With everything hooked, attached and plugged in, it was time to power things up and perform the initial configuration set-up. We loaded the supplied Holley software on a laptop computer, but Holley also offers a handheld LCD programmer for use with the HP Systems that is slick. Included in the software is an incredibly detailed set of installations, tuning and troubleshooting guides, as well as a long list of “base tunes” to get you started.

We selected the TBI85SB245HE file from the base tune folder and followed the instructions to program the ECU. This breaks down as: Throttle Body Injection with 85-lb injectors on a small block with a 245’ish at .050-inch cam. Holley has filled in most of the information necessary to get you running, but it’s a great idea to spend some time getting familiar with the screens and the easy navigation around the program. You’ll want to verify that the engine parameters match up and then look at the numerous dropdown windows of the features available that allow flexibility for things like rev limiters, fan controls, nitrous oxide, etc.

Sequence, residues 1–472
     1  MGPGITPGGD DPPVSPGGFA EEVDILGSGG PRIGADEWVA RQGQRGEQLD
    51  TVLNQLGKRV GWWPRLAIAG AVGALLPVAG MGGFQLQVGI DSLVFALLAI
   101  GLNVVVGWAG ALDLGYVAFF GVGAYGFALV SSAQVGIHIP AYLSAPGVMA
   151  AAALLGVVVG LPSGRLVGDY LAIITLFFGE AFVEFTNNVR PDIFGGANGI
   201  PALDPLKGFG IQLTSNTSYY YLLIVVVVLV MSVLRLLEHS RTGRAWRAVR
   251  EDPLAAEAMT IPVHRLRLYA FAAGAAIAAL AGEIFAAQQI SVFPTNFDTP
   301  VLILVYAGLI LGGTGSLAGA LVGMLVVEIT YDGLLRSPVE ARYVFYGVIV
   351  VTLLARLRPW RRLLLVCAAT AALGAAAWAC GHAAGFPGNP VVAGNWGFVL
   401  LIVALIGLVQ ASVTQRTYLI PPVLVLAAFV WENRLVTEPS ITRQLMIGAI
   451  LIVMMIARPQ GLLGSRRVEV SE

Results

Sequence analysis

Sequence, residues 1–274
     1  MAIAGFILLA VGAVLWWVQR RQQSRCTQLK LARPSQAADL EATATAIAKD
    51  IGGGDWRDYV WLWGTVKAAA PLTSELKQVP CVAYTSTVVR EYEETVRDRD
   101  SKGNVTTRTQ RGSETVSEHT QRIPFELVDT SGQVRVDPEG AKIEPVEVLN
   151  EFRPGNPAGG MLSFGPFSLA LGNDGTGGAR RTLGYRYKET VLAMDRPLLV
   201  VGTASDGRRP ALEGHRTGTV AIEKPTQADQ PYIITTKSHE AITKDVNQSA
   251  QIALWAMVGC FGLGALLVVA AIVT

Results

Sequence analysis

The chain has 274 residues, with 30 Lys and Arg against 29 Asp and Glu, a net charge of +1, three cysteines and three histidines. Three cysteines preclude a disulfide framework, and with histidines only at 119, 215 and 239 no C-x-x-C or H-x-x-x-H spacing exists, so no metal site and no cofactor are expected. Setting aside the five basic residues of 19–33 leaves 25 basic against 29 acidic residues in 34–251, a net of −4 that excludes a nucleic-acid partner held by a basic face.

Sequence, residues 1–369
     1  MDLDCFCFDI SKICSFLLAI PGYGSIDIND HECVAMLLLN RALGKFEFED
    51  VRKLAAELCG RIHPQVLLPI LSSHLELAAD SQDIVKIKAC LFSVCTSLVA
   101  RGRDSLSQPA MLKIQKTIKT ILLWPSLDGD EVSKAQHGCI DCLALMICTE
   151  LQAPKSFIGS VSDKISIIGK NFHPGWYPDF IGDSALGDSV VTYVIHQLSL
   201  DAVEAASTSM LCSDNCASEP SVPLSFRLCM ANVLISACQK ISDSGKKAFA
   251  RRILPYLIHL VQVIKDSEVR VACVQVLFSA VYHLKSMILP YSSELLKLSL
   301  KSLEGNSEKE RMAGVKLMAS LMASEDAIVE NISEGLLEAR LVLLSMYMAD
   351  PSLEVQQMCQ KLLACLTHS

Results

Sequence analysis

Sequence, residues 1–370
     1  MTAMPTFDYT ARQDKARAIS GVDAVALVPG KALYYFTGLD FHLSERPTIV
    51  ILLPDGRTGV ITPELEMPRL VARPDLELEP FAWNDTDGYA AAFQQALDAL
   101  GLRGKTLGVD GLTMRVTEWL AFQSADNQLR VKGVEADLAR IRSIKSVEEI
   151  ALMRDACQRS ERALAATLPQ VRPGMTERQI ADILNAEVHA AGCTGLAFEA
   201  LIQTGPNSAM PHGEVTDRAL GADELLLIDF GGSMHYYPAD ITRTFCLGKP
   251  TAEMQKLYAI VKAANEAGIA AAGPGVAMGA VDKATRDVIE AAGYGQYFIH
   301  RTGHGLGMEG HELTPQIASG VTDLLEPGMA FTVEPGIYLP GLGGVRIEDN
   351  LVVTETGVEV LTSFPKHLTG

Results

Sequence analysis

Once everything looks right, it’s time to turn the key to “run” to verify fuel pump operation and check for leaks. At this point, we couldn’t put it off any longer. It was time for Donny to finally join the ranks of the EFI world and crank that sucker up!

The engine fired right up and settled into a sweet idle. For those of us that have spent our lives in the comfort zone of carburetion, this is a big moment. It’s always a little intimidating to see what electronics can do to manipulate things in deference to Mother Nature.

Watching the computer screen, we saw that the oxygen sensor was reading the fuel mixture properly and that the computer was “learning” what it needed to do to make Donny’s engine happy. The throttle response was incredible, though we soon discovered that somehow the plug wires on #2 and #4 got crossed during the reinstallation of the header and that fabulous fiasco of an alternator mount.